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Zoo air contains enough DNA to identify the animals inside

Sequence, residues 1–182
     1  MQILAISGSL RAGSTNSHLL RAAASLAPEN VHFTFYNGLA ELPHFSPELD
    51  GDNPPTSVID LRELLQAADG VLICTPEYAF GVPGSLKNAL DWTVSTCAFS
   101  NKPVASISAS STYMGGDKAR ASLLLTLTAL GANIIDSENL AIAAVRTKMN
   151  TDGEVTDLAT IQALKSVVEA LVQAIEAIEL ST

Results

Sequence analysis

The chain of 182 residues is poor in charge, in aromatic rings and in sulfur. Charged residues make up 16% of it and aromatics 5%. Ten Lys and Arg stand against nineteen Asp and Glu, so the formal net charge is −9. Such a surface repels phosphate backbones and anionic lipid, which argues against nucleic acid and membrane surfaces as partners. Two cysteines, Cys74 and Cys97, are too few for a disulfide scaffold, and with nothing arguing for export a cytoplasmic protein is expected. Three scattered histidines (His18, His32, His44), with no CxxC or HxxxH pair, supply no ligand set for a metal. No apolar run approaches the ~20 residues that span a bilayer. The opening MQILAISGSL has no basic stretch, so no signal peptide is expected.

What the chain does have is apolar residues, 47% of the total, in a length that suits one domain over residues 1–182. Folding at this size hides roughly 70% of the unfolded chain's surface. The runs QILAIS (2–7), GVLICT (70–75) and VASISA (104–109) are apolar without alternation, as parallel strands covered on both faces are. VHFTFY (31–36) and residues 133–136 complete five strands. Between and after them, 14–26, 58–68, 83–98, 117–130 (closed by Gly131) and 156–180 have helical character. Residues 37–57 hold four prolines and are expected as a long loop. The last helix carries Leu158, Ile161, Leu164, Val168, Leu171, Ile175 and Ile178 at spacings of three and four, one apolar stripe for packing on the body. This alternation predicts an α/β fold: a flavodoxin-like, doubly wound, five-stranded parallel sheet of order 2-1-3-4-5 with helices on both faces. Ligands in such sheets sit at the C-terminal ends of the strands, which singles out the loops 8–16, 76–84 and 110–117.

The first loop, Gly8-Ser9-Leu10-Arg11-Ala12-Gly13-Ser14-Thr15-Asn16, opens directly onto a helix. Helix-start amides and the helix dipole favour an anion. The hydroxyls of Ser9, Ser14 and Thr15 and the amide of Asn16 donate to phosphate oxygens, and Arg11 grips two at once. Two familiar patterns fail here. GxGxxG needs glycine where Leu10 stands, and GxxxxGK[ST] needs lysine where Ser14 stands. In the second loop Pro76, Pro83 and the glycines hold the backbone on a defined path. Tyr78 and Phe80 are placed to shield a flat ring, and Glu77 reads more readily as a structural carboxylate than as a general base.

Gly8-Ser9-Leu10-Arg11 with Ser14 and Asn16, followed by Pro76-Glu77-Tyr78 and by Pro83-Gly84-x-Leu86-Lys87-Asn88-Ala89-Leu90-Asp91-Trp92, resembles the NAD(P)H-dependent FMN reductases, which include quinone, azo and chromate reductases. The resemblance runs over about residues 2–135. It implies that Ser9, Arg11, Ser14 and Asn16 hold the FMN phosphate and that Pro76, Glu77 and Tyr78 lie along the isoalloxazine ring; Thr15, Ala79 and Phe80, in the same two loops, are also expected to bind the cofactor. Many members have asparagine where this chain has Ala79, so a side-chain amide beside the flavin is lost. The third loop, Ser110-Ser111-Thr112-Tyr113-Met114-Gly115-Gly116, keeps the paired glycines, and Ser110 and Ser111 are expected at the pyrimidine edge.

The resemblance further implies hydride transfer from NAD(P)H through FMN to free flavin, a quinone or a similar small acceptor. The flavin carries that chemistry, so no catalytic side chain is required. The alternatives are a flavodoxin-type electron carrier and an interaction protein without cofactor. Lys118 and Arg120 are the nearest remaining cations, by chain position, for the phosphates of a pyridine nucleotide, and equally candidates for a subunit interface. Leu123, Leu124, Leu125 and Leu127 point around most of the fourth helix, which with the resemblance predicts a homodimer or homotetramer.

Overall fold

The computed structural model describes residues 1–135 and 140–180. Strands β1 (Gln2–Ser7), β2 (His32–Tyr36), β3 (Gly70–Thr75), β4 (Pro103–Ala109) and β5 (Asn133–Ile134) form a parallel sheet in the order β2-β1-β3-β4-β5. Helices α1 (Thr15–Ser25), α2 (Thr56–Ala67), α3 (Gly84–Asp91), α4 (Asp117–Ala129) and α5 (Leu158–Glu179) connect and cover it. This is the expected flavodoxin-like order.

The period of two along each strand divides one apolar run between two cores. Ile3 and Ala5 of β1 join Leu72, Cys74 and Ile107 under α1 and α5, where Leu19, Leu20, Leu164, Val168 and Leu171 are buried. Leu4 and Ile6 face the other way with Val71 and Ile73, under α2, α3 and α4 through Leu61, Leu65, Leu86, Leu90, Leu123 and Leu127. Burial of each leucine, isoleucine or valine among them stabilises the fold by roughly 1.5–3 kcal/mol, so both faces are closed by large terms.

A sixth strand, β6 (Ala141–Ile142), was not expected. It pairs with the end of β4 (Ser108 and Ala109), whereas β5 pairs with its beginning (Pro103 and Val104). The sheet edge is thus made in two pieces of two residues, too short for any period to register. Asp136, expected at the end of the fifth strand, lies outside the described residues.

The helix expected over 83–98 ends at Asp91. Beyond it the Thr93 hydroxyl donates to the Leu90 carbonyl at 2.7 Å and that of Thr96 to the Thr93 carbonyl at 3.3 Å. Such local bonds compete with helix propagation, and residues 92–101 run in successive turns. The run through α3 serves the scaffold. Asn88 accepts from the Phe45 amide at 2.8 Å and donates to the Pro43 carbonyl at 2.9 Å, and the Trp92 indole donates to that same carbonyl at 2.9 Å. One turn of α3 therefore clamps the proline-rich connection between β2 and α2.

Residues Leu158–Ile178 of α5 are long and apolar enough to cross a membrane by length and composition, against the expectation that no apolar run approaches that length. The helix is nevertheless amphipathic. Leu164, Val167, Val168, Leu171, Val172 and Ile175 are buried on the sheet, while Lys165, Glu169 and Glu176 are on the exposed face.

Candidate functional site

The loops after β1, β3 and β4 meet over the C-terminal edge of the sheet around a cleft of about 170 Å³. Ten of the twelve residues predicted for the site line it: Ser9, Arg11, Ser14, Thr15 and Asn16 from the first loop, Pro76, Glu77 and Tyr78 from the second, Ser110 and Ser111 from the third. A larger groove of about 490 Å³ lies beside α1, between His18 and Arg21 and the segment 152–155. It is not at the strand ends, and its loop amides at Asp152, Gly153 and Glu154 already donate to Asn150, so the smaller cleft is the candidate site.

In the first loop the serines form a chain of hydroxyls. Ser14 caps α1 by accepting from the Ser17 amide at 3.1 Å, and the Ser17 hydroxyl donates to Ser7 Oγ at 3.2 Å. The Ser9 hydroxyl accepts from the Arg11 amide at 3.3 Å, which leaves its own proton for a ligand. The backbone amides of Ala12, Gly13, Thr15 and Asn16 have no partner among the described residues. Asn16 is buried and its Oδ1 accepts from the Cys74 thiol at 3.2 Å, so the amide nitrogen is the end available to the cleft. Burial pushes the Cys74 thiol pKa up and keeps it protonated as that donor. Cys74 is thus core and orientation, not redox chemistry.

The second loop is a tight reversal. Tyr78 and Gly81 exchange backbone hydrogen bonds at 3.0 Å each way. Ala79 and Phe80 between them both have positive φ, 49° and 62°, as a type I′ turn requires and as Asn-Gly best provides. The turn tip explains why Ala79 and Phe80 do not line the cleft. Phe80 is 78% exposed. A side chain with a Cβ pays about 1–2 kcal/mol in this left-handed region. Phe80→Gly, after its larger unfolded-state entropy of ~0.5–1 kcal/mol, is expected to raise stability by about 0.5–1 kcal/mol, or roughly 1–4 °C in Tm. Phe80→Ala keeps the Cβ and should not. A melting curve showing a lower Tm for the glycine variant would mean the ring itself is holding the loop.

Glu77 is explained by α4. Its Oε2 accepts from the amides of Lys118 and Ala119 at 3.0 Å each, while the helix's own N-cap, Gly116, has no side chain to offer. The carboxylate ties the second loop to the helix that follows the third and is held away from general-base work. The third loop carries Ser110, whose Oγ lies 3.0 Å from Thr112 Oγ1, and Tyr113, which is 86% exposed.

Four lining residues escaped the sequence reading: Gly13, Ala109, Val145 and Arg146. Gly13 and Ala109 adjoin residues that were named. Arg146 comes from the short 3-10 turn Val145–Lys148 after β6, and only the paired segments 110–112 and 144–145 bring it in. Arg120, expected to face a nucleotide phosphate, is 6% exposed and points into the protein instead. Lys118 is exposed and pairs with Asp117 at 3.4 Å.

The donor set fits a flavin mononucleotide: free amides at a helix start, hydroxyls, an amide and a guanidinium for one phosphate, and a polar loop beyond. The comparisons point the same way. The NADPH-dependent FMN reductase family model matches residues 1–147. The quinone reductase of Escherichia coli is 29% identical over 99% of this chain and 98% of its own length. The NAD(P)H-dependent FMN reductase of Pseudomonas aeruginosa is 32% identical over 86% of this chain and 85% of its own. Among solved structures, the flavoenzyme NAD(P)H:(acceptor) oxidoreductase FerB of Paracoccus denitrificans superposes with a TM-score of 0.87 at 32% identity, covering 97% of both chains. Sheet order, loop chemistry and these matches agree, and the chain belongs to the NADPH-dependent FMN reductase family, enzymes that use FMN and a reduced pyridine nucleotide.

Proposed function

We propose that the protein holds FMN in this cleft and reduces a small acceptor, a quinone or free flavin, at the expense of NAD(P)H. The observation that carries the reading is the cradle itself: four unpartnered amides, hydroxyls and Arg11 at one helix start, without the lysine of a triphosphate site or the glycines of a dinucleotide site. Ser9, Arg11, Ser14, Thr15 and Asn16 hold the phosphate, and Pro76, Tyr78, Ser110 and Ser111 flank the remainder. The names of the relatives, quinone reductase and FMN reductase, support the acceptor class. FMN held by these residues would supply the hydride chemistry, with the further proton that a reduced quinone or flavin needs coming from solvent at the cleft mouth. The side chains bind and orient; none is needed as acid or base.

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The air in a zoo is full of smells, from the fish used for feed to the manure from the grazing herbivores, but now we know it is also full of DNA from the animals living there. In the journal Current Biology on January 6th, two research groups have each published an independent proof-of-concept study showing that by sampling air from a local zoo, they can collect enough DNA to identify the animals nearby. This may prove to be a valuable, non-invasive tool to track biodiversity.

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